Here I quote the description of the display by Fehlau:

"1. We now come to the description of the recently appeared sundogs or parhelia, which had been observed a fortnight ago and which we talk of now. They were like this: A fortnight ago it was February 20 at about 11 a.m. when the sun was in the southeast and the air was all bright and clear. There were seven suns clearly visible in the sky at the same time, three colourful and three white ones additionally to the real sun. Around the latter one appeared a rather big and almost closed circle with very beautiful colours like a rainbow, on which at both sides two colourful sundogs were visible which were at the same elevation as the real sun. Both of them had long clear and white tails, tapering like comets, one pointing to the east and the other one to the west.

2. Second, on just that circle, directly above the sun, under a vertical line, there was a part of an inverted circle or rainbow, also with very beautiful colours, with another, a bit less bright sundog in it.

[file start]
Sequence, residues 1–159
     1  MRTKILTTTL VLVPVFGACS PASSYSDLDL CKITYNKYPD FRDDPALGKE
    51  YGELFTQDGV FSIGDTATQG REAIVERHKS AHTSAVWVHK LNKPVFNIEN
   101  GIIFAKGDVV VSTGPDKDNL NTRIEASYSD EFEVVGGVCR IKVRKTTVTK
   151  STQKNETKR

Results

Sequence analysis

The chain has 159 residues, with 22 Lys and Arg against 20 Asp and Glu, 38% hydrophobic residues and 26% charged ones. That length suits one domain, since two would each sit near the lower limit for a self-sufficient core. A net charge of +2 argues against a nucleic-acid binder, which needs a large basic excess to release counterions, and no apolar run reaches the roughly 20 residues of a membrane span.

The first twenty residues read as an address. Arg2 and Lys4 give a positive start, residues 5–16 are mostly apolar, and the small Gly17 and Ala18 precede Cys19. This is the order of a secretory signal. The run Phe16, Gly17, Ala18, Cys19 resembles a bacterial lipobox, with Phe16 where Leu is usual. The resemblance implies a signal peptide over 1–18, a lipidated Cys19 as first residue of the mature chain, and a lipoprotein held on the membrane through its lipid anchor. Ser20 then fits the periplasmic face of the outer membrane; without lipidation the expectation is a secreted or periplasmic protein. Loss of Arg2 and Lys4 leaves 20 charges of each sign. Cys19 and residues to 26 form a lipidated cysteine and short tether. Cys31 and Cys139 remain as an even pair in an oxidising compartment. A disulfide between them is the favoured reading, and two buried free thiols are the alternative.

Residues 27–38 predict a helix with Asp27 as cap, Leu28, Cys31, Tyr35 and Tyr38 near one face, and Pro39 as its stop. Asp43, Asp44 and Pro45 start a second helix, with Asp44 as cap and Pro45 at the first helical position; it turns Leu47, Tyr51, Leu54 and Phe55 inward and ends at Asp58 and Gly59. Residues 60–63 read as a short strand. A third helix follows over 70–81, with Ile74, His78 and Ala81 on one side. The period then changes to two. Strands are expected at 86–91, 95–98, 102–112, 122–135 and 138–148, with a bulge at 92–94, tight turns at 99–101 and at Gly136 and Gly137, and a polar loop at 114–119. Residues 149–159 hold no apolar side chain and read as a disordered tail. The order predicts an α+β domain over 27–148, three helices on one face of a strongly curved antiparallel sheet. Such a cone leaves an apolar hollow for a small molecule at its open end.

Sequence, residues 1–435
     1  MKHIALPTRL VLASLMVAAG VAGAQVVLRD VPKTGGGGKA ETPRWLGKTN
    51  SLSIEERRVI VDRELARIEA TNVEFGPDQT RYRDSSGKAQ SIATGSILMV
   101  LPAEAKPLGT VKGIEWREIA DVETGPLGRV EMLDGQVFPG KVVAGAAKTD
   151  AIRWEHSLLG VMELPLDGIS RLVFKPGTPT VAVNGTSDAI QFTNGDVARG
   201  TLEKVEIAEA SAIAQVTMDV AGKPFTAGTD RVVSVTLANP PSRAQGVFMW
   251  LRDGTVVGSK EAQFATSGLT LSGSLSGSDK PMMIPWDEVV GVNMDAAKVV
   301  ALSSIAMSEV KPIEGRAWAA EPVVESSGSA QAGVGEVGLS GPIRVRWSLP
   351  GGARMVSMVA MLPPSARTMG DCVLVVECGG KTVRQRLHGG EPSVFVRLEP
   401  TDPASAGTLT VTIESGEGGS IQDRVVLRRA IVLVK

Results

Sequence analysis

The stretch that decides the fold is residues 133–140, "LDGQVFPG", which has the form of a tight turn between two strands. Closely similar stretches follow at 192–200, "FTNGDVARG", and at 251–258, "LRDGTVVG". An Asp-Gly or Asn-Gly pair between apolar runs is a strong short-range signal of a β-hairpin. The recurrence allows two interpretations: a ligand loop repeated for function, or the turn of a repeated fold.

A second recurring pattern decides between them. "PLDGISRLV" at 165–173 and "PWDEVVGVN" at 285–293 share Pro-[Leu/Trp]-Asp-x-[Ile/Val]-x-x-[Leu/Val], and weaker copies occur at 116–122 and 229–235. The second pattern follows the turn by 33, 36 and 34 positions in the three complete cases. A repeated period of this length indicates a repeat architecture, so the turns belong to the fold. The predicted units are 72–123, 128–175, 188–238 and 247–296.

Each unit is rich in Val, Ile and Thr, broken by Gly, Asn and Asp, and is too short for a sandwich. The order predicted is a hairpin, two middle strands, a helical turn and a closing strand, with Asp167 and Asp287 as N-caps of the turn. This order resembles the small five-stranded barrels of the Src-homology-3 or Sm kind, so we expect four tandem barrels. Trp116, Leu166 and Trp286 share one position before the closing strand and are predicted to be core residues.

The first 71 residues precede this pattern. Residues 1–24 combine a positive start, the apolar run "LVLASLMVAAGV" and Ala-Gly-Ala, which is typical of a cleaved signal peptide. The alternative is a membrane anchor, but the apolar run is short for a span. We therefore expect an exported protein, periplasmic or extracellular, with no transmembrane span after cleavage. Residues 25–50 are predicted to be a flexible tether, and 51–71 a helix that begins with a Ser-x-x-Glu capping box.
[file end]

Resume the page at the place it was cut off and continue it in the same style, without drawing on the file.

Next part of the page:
3. Third there was a very much larger circle with also a lot of beautiful colours around the sun, surrounding the other one, a bit fainter and not totally closed as the horizon was too near and the diameter of the circle too big, on which near the uppermost point an inverted part of a rainbow was visible, very bright and with beautiful colours.

4. Fourth there was a very white and silvery circle emerging from the two sundogs beside the real sun, which surrounded the whole horizon and was in all parts at the same distance, which was about 20 degrees: On this circle there were three other silver suns, one in the northwest, opposite the real sun. The other one in the northeast and the third one in the southwest. Through these two latter ones as eastern and western one passed a white piece of an arc coming from above, also through the big circle they were standing upon. So that through these two white sundogs a white cross seemed to pass, which appeared very amazing for about one hour and a half before everything disappeared. It was an overwhelmingly beautiful picture, in which seven suns were visible at the same time, which never had been observed before. Yes, scholars believe that, if this picture had been observed a little earlier, there would have been visible 9 suns at the same time.”